Ohio Bill would assume 50-50 custody of children in a divorce

COLUMBUS, Ohio (WCMH) – Ohio lawmakers are considering a bill to give divorced parents custody of 50-50 children as a starting point.

Similar to a proposal introduced last year, House Bill 14 would automatically create an equal parenting regime at the start of custody battles. The bill’s sponsors, Reps. Rodney Creech (R-West Alexandria) and Marilyn John (R-Shelby), said revising existing custody standards in Ohio will protect parents’ right to see their children — and vice versa.

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“We have a win-loser system where children often find themselves in the middle or, worse, have to choose between parents or are used as pawns in a conflict,” John said. “Until the system changes, our kids will keep losing.”

Under the bill, Ohio judges would be mandated to encourage divorced parents to present the court with a 50:50 custody plan, including child support and schooling arrangements. If the parents have a different opinion, they have to prove to the court – with a stricter burden of proof than before – why equal parenthood would not be sufficient.

Judges must assume that a 50:50 settlement is reasonable, but if a parent can successfully present “clear and compelling” evidence proving otherwise, the judge can reassess where one parent has primary custody over another should.

John said that not only will the presumption of equal parenting encourage parents to negotiate a custody agreement before entering a custody battle in court, but the 50-50 split of parental leave will also benefit a child’s development.

“Children raised in single-parent households without the involvement of the other parent, particularly fathers, are at the highest risk of crime, suicide, mental illness, incarceration and poor school performance,” John said. “And that’s just the shortlist.”

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Although Creech said 59 bipartisan lawmakers supported a similar bill, House Bill 508, introduced last year, the proposal is not immune to controversy.

Franklin County Judge James Brown, who also serves as vice president of the Ohio Association of Domestic Relations Judges, said the law could do more harm than good, especially for the children at the center of custody battles.

“It’s a misguided attempt to solve a problem that doesn’t really exist,” Brown said. “We now share parenthood; We have 50-50 orders if it suits a child’s needs – we’re not against it.”

But assuming equal parenting from the start strips judges of their discretion to order different outcomes when different circumstances exist, he said, missing their ultimate goal: applying a child’s best interests.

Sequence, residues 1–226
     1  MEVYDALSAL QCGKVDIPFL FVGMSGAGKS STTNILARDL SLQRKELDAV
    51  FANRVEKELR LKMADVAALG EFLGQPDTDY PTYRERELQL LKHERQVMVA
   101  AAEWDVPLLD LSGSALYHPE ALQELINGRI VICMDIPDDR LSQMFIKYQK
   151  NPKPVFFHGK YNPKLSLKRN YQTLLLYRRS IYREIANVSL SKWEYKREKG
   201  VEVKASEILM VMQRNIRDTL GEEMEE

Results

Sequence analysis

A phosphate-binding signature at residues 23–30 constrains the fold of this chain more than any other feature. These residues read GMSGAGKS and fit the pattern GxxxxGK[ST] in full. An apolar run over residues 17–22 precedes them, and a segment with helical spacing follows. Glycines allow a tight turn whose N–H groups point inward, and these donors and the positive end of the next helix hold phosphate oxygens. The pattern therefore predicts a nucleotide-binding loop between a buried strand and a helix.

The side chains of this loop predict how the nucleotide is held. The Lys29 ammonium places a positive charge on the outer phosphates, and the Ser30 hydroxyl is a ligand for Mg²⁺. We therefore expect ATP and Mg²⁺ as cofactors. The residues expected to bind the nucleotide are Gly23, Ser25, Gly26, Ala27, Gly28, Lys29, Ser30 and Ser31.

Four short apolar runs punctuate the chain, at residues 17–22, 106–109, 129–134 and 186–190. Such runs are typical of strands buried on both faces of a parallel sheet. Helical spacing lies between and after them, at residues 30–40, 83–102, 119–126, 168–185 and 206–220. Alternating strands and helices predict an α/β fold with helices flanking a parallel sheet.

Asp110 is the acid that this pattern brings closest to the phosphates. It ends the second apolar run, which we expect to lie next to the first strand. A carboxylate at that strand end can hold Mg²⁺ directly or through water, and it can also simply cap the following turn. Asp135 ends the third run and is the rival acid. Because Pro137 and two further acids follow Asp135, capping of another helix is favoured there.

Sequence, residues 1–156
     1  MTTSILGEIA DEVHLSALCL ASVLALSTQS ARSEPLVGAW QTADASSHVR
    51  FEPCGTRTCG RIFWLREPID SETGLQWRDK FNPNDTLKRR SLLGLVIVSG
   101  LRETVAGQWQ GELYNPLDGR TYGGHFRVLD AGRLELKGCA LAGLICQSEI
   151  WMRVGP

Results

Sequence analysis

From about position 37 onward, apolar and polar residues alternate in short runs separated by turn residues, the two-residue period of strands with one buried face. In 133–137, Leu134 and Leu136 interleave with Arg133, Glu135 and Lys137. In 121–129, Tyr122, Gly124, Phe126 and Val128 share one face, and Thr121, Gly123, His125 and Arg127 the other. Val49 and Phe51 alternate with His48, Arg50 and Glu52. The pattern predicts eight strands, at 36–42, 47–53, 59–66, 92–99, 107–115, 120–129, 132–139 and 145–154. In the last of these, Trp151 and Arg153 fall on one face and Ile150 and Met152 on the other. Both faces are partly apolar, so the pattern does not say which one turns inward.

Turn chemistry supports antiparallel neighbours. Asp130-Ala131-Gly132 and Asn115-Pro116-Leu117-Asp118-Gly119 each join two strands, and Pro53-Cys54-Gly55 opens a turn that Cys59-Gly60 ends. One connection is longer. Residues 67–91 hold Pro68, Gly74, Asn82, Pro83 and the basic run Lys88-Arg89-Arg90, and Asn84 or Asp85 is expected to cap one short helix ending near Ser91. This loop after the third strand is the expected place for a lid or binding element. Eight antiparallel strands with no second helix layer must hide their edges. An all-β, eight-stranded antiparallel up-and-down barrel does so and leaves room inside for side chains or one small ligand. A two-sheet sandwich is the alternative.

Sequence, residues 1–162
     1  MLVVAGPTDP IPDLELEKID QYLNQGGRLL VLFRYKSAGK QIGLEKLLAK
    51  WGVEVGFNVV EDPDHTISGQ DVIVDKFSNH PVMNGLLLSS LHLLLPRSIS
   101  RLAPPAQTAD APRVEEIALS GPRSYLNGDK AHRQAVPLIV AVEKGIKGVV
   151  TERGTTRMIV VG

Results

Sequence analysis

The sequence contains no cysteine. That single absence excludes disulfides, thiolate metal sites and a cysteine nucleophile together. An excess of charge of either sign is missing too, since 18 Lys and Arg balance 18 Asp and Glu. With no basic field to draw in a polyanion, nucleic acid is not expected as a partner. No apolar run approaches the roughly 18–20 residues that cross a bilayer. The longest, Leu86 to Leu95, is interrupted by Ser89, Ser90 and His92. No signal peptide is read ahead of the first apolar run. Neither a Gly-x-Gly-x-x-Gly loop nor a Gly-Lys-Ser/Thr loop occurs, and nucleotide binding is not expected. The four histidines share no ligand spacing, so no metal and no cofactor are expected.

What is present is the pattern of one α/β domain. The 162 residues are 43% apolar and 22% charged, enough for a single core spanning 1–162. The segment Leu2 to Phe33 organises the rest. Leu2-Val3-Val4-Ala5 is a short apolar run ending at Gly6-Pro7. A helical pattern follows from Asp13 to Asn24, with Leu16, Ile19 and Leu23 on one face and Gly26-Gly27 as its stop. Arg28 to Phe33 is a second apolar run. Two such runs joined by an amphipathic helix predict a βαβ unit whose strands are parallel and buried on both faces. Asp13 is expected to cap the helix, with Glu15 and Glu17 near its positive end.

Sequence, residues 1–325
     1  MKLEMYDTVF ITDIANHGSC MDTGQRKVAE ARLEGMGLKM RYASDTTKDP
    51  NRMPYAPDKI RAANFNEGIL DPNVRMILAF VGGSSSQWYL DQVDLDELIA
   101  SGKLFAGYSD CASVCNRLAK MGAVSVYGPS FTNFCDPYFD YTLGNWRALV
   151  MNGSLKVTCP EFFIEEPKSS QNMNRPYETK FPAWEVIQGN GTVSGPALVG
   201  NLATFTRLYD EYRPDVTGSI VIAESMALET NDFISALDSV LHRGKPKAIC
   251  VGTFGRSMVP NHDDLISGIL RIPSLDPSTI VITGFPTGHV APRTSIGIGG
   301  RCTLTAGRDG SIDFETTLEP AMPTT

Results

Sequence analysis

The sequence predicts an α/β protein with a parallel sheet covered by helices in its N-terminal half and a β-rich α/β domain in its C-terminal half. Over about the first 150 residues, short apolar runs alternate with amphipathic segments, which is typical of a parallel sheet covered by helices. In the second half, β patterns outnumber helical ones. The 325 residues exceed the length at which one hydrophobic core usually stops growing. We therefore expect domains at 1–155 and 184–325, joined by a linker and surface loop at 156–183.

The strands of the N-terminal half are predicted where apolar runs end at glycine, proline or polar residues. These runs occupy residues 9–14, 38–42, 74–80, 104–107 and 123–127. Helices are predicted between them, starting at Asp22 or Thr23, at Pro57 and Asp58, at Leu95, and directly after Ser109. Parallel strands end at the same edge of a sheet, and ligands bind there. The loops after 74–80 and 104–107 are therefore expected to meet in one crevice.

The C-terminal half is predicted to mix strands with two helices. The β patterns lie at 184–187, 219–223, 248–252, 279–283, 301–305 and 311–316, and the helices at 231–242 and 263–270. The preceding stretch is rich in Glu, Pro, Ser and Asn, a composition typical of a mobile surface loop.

“Proposed House Bill 14 reverses that and makes the assumption about the parent,” Brown said. “And that’s an unacceptable suggestion, because our focus shouldn’t be on how we please a parent or what we do for a parent; our focus needs to be what is in the best interests of the child.”

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The bill also ignores the practical considerations of child custody arrangements, Brown said. Most court-ordered agreements give parents time together, but it’s almost impossible to divide that time evenly when you consider employment, transportation, school location, and other factors.

dr Maria Houston, executive director of Columbus-based domestic violence prevention group LSS Choices, said adopting 50-50 parenting could backfire in cases of family abuse.

Adjusting the burden of proof from the current standard of “preponderance of evidence” to the higher standard of “clear and convincing” could make it more difficult for victims and survivors of domestic violence to prove abuse.

“Often we know that even though the abuser is the father of the children, the abuser could use the children to manipulate or further abuse the victim,” Houston said.

However, Creech said there are enough safeguards in HB 14 to create exceptions to the presumption of equal parenting when necessary. The state shouldn’t punish all children in Ohio just because there is potential for abuse, he said.

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“What can we do to improve the mental health of our children?” Creech asked his fellow lawmakers. “Well, maybe the first thing we can do is stop tearing her from two fit parents.”

HB 14 is awaiting further hearings in the Home Family and Aging Committee.

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